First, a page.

It’s hard to talk about a great friend as Judy was, and now realizing I won’t get to see that smiling face, like I’ve experienced for the last 40 years. I remember sharing time with her throughout all the establishments that use to be located in Whitesville, as we were growing up. And I don’t care to mention, that Judy was beautiful lady, she was an easy 10, and I had a crush on her, even though she never knew this. I remember traveling to Beckley on weekend, to this club called the Roaring 20’s, where her, and Debbie Jarrell, and some of Judy’s cousins, would meet and have some of the best times of our lives, partying, and dancing to the wee hours of the morning. And Judy was a heck of a dancer, with her shimmering smile, and just glowing from head to toe. But what this great lady taught me, came a few years later. She taught me the true meaning of what friends, and family, and the tightness of community really meant. My wife Linda and Lisa worked at the bank together, and Linda would always tell me some of the fun, and conversations, that her and Lisa had. Lisa’s world revolved around her mother, and her son Andrew, and Judy’s world revolved around them. But Judy’s trust and love for her family and friends, was unconditional. Her family, her sister that passed a couple of years ago, Lisa, her daughter, Andrew, her grandson, Ernie, her brother, and her relatives, Wayne Williams, Burr-Head Williams, just to name a few, and her friends and home place, meant everything to her. But she showed just as much compassion for her neighbors , community, and anyone she came in contact with, and everyone that knew her, and talked with her, left with a lesson that she was instrumental for. I will miss you, and look forward joining some day long the mountain tops, and make that journey, down into the valley’s, where we will be surrounded by the mountain ridges, who make us who we are.

  13. Eric Blevins says:

    The spirit of Judy Bonds will live on in the hearts of so many people fighting for justice in the mountains of Appalachia and elsewhere. Her fearlessness was and continues to be a huge inspiration to me.

    The first time I saw Judy was on a TV screen in the film Kilowatt Ours when I was a student activist, but my earliest memory of her in person was when she came to the 2006 Earth First! Rendezvous in southwestern Virginia at Little Stony Falls. It was there that she told us about a great t-shirt idea, for a shirt that would say:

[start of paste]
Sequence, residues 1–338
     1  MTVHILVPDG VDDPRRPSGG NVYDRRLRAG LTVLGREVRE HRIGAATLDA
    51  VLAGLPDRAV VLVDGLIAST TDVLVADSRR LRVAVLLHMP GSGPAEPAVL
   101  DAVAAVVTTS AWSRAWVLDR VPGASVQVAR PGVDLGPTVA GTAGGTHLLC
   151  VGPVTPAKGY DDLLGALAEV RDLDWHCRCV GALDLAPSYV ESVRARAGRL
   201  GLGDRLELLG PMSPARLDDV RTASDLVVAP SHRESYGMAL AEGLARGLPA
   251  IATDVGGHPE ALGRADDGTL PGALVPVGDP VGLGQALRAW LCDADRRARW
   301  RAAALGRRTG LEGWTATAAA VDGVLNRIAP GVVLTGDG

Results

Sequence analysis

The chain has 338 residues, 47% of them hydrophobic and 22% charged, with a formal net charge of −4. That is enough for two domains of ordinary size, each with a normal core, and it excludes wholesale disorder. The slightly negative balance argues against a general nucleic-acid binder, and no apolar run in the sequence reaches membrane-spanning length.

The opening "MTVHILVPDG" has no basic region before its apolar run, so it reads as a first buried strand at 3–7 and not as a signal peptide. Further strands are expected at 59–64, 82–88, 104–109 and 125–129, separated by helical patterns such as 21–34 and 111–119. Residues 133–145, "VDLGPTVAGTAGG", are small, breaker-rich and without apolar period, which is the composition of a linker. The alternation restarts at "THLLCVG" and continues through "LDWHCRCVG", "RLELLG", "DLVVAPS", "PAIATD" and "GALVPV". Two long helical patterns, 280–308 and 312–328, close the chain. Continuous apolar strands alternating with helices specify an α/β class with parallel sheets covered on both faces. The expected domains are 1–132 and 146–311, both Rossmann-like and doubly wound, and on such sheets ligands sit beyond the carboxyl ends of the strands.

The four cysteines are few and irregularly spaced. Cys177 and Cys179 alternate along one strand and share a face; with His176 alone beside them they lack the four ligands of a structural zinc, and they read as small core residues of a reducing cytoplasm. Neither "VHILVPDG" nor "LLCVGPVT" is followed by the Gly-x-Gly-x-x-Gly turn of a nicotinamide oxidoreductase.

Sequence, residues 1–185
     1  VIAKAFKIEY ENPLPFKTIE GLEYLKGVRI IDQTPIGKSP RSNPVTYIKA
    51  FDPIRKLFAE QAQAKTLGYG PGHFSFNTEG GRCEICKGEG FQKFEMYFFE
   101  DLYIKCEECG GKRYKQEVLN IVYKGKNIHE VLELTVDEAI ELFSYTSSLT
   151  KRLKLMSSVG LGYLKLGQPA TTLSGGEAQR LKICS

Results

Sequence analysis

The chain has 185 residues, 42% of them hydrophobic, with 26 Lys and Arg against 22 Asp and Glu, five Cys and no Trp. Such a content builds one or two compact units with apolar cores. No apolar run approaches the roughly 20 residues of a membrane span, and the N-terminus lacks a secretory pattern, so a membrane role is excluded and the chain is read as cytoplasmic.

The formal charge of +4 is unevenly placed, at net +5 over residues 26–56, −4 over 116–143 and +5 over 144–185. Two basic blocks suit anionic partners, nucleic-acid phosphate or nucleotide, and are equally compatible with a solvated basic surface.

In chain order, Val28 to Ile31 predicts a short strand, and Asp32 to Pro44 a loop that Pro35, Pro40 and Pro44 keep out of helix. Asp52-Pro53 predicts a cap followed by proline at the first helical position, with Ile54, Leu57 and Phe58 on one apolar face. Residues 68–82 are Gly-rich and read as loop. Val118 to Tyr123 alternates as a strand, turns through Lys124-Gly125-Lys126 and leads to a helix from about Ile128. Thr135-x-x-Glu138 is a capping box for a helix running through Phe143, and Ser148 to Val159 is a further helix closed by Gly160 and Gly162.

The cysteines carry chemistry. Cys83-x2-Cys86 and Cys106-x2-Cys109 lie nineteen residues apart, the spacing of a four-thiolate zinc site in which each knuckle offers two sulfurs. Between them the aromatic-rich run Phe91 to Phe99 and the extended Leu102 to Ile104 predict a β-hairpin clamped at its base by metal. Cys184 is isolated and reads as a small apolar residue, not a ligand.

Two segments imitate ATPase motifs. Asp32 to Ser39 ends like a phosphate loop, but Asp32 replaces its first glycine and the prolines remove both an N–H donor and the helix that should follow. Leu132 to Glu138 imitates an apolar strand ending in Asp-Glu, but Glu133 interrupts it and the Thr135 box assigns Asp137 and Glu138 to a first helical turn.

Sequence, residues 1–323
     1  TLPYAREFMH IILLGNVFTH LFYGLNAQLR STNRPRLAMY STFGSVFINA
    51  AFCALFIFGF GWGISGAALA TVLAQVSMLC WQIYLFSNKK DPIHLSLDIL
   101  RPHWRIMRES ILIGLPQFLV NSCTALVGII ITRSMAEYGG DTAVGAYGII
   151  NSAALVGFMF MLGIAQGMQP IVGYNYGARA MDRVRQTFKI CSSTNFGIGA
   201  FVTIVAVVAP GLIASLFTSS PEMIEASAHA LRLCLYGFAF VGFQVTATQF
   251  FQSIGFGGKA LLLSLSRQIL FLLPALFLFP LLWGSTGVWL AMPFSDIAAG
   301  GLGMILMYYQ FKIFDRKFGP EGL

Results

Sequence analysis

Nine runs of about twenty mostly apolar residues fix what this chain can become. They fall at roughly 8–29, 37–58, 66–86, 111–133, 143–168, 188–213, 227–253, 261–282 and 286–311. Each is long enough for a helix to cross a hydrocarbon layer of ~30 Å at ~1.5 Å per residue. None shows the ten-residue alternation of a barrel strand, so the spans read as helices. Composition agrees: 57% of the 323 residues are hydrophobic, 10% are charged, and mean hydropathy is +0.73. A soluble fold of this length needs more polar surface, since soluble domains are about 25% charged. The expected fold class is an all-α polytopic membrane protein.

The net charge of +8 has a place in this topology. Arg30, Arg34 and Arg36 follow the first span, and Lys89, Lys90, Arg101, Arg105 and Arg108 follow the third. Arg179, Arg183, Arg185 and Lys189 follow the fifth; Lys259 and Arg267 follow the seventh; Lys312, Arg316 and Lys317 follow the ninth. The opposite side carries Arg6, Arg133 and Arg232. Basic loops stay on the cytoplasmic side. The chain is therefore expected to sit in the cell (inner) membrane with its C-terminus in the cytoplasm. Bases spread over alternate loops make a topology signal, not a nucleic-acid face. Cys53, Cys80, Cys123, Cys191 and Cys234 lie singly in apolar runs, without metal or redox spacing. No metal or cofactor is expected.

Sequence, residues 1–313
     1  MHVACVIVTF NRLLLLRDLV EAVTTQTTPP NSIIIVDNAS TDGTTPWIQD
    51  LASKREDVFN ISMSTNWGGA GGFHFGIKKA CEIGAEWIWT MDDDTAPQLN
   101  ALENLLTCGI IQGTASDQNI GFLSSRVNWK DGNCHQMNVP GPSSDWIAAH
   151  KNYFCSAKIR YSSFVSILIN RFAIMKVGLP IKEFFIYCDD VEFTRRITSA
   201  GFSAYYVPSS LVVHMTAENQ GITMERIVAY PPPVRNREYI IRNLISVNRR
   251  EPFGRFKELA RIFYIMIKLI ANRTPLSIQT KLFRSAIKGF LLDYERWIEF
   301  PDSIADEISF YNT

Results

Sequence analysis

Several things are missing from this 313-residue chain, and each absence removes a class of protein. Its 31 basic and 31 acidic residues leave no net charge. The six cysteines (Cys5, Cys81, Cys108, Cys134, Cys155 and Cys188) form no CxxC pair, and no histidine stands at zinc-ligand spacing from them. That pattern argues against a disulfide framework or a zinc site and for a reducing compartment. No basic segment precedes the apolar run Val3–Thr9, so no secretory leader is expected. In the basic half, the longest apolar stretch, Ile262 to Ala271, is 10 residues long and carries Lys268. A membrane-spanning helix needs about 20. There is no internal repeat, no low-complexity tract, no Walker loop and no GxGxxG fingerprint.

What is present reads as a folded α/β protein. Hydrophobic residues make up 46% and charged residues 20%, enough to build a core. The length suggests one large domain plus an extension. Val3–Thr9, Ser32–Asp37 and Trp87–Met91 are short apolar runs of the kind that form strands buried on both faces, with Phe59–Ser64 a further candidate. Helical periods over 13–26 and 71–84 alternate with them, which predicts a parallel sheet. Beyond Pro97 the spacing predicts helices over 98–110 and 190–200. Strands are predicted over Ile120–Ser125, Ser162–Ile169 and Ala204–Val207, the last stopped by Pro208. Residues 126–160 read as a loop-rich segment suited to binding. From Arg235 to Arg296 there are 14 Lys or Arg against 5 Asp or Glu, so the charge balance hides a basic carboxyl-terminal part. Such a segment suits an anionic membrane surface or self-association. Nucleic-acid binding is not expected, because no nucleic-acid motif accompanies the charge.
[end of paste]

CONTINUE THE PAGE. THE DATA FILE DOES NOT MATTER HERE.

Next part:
Judy sure was radical.

    Fight harder, it’s what she wants.

  14. willie says:

    my strongest memories of judy right now are very simple. just seeing her in crowds at demonstrations and conferences and camps; and finding her to say hello and give her a hug and exchange a few words about how strong the movement is and much we all love each other and delight in how we make a fools of big industry people (and how they make fools of themselves). It was always so clear that Judy loved everyone and that for all the hell that the coal industry put her through, sharing fellowship with others filled her with joy. I also remember a handful of times when judy and i were on opposite sides of strategic or philosophical rifts. and she sure wouldn’t pull her punches in explaining her perspective on the situation or whatever the particular disagreement was but there was never any doubt that she loved and respected me anyway. and as soon as the meeting or accidental impromptu meeting was over, it was time to again delight in the fellowship of our movement.

    i know we’re all really missing judy and we always will. we are all so much stronger for having known her. i’m so thankful that i knew her.

  15. andy mahler says:

    Heartwood mourns the loss and celebrates the life of Julia “Judy” Bonds, Hellbender, defender of the Appalachian Mountains, community organizer & activist, and fearless opponent of mountaintop removal.

    We first met Judy in 2003, the year she won the Goldman Prize and recognition as the most outstanding activist in North America for her absolute commitment to ending the devastation of her beloved Appalachian Mountains. Accompanied by Patty Sebok and Janice Nease, Judy attended the Heartwood Forest Council held at Camp Blanton, in Harlan County Kentucky, along with the likes of Cynthia McKinney, Granny D, and Woody Harrelson, to deliver a keynote address. Judy inspired and motivated the attendees with her fierce dedication and her passionate commitment to justice, and she touched our hearts with the deep love she felt for the mountains of home. Judy reminded us of the fundamental connection that binds us to the places we love. She reminded us why the Appalachian Mountains hold a special place in our hearts — the oldest mountain chain on Earth, they are also the ancient source, seed bank, and sanctuary in those storied hills and hollers of the temperate deciduous forests that for millenia have blanketed the eastern half of our continent. And those forests have produced one of the most vibrant cultures and communities anywhere on the planet. Judy was proud of her “hillbilly” heritage and she wore it as a badge of honor. She won the hearts of all who heard the power and the passion in her voice and knew the love she felt for those mountains.